Date of birth : 1881-03-17
Date of death : 1973-08-12
Birthplace : Frauenfeld, Switzerland
Nationality : Swiss
Category : Science and Technology
Last modified : 2011-12-20
Walter Rudolf Hess (March 17, 1881 – August 12, 1973) was a Swiss physiologist who won the Nobel Prize in Physiology or Medicine in 1949 for mapping the areas of the brain involved in the control of internal organs. He shared the prize with Egas Moniz.
Hess was born in Frauenfeld. He received his medical degree from the University of Zürich in 1906 and trained as surgeon and ophthalmologist. In 1912, he left his lucrative private practice as an ophthalmologist and went into research. His main interests were the regulation of blood flow and respiration.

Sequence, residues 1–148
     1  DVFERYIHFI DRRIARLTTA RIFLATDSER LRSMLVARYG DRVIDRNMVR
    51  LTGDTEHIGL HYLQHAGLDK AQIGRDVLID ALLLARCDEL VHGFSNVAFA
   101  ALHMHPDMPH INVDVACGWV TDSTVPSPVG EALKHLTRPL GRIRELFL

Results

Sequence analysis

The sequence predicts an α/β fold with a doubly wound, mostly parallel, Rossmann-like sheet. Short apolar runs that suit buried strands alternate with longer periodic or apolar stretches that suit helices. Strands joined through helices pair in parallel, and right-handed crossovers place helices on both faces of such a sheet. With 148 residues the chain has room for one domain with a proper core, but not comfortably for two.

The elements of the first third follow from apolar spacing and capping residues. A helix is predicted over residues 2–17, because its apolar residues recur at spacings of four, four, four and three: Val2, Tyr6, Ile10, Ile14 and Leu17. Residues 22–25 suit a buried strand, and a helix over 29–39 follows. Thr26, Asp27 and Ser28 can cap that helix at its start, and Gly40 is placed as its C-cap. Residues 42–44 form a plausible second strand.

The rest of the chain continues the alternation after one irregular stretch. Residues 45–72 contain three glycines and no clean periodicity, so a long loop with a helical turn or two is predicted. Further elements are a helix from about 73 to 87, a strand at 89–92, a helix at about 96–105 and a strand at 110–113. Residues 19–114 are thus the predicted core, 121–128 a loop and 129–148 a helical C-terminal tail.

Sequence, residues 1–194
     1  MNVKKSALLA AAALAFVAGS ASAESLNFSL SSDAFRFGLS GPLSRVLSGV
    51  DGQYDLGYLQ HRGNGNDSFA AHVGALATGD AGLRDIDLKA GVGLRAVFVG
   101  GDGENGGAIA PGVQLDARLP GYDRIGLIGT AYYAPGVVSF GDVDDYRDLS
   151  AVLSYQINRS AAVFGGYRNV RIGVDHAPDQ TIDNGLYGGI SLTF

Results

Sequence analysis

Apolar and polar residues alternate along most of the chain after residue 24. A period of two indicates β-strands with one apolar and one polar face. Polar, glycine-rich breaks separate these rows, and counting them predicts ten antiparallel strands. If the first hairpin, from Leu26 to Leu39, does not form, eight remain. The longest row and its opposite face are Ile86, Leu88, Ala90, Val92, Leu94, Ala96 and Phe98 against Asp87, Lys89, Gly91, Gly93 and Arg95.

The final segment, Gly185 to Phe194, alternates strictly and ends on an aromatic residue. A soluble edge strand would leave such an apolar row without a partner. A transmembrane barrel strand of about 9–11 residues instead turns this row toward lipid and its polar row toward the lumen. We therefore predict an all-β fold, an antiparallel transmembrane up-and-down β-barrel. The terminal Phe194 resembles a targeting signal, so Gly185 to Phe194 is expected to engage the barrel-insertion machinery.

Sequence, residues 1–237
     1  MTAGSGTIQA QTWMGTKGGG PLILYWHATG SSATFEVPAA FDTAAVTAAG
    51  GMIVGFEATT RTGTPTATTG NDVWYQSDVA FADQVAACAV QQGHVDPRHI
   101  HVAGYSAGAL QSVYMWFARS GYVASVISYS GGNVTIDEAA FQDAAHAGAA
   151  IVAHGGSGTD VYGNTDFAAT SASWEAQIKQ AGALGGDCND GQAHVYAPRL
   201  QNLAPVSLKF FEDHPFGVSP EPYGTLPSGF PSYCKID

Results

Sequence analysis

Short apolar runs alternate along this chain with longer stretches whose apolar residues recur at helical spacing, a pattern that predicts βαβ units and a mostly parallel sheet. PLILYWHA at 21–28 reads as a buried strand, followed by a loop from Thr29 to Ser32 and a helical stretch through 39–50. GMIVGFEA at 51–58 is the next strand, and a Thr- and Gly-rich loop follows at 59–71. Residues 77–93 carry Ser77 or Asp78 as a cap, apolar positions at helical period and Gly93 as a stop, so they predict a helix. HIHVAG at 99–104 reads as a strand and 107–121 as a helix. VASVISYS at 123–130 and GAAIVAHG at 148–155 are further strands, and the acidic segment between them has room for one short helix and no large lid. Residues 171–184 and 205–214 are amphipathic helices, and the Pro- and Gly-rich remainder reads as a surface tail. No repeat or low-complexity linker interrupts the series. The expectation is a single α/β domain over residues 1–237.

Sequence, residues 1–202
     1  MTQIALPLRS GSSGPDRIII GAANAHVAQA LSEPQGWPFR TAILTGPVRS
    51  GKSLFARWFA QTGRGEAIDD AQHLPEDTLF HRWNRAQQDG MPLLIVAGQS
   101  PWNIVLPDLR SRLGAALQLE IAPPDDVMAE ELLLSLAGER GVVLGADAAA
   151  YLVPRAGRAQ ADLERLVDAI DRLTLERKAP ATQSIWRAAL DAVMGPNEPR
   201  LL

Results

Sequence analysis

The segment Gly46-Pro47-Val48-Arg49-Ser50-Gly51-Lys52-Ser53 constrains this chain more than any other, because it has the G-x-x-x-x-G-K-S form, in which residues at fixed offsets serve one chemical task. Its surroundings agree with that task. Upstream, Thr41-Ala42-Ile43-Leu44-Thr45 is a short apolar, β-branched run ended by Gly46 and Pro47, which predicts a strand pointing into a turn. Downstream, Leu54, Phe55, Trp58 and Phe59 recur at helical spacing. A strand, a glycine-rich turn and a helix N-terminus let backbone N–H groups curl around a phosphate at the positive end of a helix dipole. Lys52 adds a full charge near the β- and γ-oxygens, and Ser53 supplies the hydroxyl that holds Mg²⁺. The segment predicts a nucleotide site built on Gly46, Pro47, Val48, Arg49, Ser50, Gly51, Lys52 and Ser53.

As an outgrowth of these research interests, he began mapping the parts of the diencephalon that control the internal organs. From 1917 to 1951, he served as professor and director of the Department of the Physiological Institute at the University of Zürich.
His primary area of research was blood circulation and the respiratory system, but his most famous work involved mapping the brain. Experimenting on living cats and dogs that had tiny needles piercing their skulls, he was able to ascertain which parts of the brain control various functions and internal organs.
With pressure on a cat's brain, he could trigger a panicked response in the animal, even control its heartbeat and breathing. Hess and Portuguese neurosurgeon Egas Moniz shared the 1949 Nobel Prize in Physiology or Medicine.
Author of books:
-The Biological Aspect of Psychology (1962)
-The Biology of Mind (1964)
View the full website biography of Walter Hess.